By Debbie le Quesne

Drugs, the blame game and why it just isn’t fair

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I always expect the ‘red tops’ Press to present stories in their own inimitable way.

We all are used to sensational headlines whenever the care sector comes on to their radar, but sometimes it’s not just the popular paper that make my blood boil.

I found myself feeling utterly shocked on reading a Telegraph report on the misuse of anti-psychotic drugs where it boldly stated that “care home staff too often used them as a shortcut for managing residents, when more humanity was needed.”

And worse, I thought I was about to read something totally different under the headline “Deadly drugs still given to the elderly”.

The throw-away “managing residents” line was in a worthy piece about statistics published last week on dementia and prescribed drugs.

In the article, The Telegraph stated that “elderly patients in some parts of England are six times more likely to be prescribed potentially deadly drugs than in other areas.”

It went on: “Antipsychotic drugs, designed to treat conditions such as schizophrenia, can be prescribed for patients with dementia to help manage psychological and behavioural symptoms including aggression, shouting and sleep disturbance.

“In 2009 a report found that four in five patients with dementia — 144,000 out of 180,000 — were being given them inappropriately, often to keep them quiet.”

What really upset me – other than the terribly misleading headline – was that Paul Burstow, the care services minister, had said: “More than halving the number of people with dementia receiving anti­psychotics marks a huge change in the right direction.” But the care sector still managed to take a hit. It’s still our fault, it appears, that too many elderly get too many drugs.

Do we really believe that carers hand out these potentially lethal drugs like Smarties? Of course they don’t.

They are prescription drugs and they are administered under the direction of a doctor.

Perhaps it’s the doctors who should be taking the flack, not the embattled carers, who generally do an exceptional job and get little thanks for it.

The figures from the Health and Social Care Information Service showed that the proportion of dementia patients across England being given the drugs has more than halved since 2006, down from 17 to 6.8 per cent.

How good is that!

The statistics reveal that 13 per cent of dementia patients in the North West are being given anti­psychotic drugs, while in London only two per cent of patients receive them. In Yorkshire the prescription rate was nine per cent but the Humber region, showed a figure of only only 2.5 per cent.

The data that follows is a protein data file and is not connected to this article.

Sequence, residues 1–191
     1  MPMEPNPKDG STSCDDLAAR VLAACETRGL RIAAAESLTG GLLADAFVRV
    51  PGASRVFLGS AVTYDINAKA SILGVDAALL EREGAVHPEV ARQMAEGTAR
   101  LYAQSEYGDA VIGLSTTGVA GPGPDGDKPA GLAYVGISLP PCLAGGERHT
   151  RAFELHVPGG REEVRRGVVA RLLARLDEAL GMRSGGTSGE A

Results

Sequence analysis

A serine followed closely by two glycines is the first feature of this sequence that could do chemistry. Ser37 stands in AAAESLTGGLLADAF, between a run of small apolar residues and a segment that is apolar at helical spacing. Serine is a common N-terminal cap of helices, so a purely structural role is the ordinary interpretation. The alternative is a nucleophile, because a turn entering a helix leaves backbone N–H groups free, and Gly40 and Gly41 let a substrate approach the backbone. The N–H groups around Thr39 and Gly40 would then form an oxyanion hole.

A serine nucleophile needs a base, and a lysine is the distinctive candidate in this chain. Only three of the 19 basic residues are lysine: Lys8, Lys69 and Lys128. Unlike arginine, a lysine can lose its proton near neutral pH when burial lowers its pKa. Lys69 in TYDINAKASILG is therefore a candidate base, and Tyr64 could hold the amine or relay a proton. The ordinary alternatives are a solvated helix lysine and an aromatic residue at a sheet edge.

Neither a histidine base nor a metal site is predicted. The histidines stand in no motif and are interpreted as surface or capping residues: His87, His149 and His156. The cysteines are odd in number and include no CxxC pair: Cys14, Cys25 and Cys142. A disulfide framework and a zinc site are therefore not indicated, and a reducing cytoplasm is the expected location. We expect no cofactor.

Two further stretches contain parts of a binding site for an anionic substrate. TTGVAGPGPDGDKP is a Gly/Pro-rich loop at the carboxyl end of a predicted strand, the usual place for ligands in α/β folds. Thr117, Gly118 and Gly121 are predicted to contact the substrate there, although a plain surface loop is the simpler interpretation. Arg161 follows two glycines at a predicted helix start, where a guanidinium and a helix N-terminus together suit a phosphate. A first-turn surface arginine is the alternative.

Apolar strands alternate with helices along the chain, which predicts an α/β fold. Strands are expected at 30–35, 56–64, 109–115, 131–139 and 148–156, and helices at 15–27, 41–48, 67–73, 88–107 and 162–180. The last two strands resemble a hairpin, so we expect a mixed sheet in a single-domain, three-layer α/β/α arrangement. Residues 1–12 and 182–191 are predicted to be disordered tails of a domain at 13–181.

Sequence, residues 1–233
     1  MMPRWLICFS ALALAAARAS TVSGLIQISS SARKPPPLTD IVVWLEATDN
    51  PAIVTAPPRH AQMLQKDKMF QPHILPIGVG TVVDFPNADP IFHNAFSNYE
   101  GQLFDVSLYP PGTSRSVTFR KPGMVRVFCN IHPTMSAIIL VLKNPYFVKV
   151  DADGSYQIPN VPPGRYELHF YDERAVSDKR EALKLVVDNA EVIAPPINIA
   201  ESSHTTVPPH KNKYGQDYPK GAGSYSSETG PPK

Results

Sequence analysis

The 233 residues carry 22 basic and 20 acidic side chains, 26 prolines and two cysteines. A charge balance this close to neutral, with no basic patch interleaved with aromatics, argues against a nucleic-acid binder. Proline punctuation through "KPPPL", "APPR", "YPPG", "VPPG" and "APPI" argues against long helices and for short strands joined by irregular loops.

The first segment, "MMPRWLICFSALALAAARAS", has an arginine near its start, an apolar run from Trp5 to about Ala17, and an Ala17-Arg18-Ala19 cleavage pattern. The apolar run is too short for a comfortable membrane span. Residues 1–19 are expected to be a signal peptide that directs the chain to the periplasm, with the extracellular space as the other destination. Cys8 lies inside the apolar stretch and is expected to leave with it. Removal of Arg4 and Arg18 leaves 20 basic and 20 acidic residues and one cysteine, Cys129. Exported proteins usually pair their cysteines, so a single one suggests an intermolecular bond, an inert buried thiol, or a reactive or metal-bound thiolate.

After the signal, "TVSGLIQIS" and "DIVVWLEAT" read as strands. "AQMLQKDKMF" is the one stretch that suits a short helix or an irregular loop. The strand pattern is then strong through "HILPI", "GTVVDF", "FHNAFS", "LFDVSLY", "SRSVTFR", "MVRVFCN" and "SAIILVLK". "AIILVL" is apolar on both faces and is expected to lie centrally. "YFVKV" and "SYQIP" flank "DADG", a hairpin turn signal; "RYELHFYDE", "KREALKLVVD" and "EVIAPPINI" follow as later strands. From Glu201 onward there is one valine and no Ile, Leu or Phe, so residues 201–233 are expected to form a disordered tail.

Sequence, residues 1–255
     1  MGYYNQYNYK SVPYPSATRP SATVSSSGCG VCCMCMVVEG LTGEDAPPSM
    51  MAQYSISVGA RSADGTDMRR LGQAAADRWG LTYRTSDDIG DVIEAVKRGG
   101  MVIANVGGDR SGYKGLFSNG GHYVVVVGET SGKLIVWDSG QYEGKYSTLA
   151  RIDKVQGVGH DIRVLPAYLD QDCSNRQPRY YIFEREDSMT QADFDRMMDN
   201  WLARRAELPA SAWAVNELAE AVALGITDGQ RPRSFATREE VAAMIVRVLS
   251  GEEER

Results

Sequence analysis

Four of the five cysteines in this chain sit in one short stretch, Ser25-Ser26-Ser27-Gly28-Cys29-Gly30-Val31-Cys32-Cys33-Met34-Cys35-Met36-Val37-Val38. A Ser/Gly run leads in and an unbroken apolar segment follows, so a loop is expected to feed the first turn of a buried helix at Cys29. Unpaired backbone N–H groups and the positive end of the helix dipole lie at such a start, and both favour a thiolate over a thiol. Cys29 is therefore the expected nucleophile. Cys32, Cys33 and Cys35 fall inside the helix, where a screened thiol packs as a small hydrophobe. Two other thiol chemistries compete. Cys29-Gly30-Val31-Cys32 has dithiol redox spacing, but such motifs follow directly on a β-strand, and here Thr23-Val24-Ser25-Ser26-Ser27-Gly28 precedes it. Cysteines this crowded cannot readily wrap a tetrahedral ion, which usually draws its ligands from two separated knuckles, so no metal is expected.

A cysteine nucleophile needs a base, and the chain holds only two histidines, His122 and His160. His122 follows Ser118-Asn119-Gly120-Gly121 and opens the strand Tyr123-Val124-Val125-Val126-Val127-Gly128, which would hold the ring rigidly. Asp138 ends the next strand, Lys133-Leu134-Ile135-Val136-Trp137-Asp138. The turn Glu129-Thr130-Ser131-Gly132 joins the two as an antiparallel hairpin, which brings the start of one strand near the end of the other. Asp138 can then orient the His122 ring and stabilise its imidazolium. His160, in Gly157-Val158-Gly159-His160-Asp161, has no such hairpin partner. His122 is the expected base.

Add into the mix last year’s Department of Health warning that these drugs were leading to 1,800 needless deaths a year and we have a sensational tale that somehow leaves me feeling it’s the fault of my care sector workers.

It simply isn’t true.

Maybe I’m a little over sensitive, but I really don’t think so.

I was heartened by the quotes in the story from Jeremy Hughes, the chief executive of the Alzheimer’s Society, who said of the countrywide reduction: “This momentous achievement is not just about statistics, it is about the lives of tens of thousands of people with dementia.

“Other interventions can be used to reduce distress and agitation among people with dementia,” he added.

Mr Burstow said a risk assessment tool to help doctors use the drugs safely and appropriately was being developed.

He most definitely recognised it was the doctors who needed support here.

Please can we spare a thought for our carers and care providers. They really are tired of taking the blame for every single thing that’s just not part of a perfect world.

Carers – the prescribing culprits of deadly drugs. Never. Besides, aren’t all prescription drugs, by definition, potentially harmful? Calming chamomile tea beckons . . .




Written by debbielq

July 24, 2012 at 6:31 am

Posted in Uncategorized

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